Fig. 4. Scatter plots showing the relationship between dependent variable Mallophaga species and independent variables CBC number and CBC circles.

A logarithmic transformation of the independent variable CBC number helps to increase linearity. (Refer Fig. 5)

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Fig. 5. Scatter plot showing the relationship between dependent variable Mallophaga species and log transformed independent variable, CBC number.

NB: Transforming CBC circles and even the Mallophaga species variable doesn’t help increase the linearity of the relationship between these two variables.

Analysis of dependent variable Mallophaga species with independent variable CBC circles:

Mallophaga species
4 3 2 1 0 3.00 3.50 4.00 4.50 5.00 5.50 6.00 6.50

log(CBC number)

Divya Krishnamohan Student ID: 200292988

A linear regression analysis between these two variables is redundant as CBC circles does not have a linear relationship with Mallophaga species. Moreover, a linear regression is meaningful only if the two variables are correlated. A Pearson’s correlation between Mallophaga and square root transformed CBC circles (both variables are normally distributed) reveals that there is no significant correlation between the variables (r=0.241, N=32, P=0.184).

Linear regression analysis of dependent variable Mallophaga species with independent variable CBC number: A linear regression analysis of the dependent variable Mallophaga species with the independent variable CBC number (log transformed to increase linearity), reveals a significant association between the two variables (F=4.502, df=1, P=0.042). CBC numbers is seen to explain 13% of the dependent variable variance (R2=0.130).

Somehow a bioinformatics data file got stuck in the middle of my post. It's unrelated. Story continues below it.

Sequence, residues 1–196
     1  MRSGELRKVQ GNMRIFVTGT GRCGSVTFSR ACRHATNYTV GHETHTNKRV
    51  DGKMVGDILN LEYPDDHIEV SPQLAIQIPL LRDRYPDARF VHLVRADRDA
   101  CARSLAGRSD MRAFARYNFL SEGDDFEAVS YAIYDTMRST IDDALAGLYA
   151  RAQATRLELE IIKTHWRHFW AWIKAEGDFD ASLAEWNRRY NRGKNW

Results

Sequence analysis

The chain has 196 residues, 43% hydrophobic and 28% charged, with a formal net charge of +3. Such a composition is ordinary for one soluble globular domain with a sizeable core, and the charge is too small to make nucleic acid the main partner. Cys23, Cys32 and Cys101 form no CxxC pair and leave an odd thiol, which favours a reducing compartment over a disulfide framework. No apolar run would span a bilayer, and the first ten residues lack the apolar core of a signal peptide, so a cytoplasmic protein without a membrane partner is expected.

Backward multiple regression analysis of dependent variable Mallophaga species with independent variables CBC circles and CBC number: A backward multiple regression analysis is a method of regression that allows for the inclusion of more than one independent variable. The analysis helps determine which of the variables should be included in the final model of ‘best fit’. This is achieved by sequentially running all the factors together and then running a model that takes a step “backwards” by removing the factor that is assessed as the least significant to the operation of the model. Choosing the best fit model is dependent on two values – the R2 value (representing the amount of variation in the dependent variable that is explained by that model) as well as the significance of the model, denoted by the P value of the test statistic.

Divya Krishnamohan Student ID: 200292988

The following table summarises the models tested by a backward multiple regression; also indicated is the criterion for factor removal.
Table 4. Summary of variables entered and removed in the backward multiple regressions performed on variables Mallophaga, CBC circles and log CBC number.
Variables Entered/ Removed (b) Variables Removed

Model 1

Variables Entered CBC circles, log (CBC number) (a)

Method

.

Enter

2 Backward (criterion: Probability of Fto-remove >= .100).

.

CBC circles

a. All requested variables entered. b. Dependent Variable: Mallophaga sp

The backward multiple regression analysis revealed that of the two possible models, (Model 1: Dependent variable – Mallophaga species, independent variables – log CBC Numbers and CBC circles; and Model 2: Dependent variable – Mallophaga species, independent variable – log CBC number), Model 1 had an R2 value marginally higher than Model 2. (R2=0.133 and R2=0.130, respectively). However, Model 2 was seen to be significant (F=4.502, df=1, P=0.042), while Model 1 was non-significant (F=2.232, df=2, P=0.125). Refer Table 5. A review of the adjusted R2 values (a more conservative estimate of the variation explained, as it attempts correcting the R2 value to give a better indication of the “goodness of fit”) reveals that Model 2 explains 10.1% of the variation and Model 1, only 7.4%.

Divya Krishnamohan Student ID: 200292988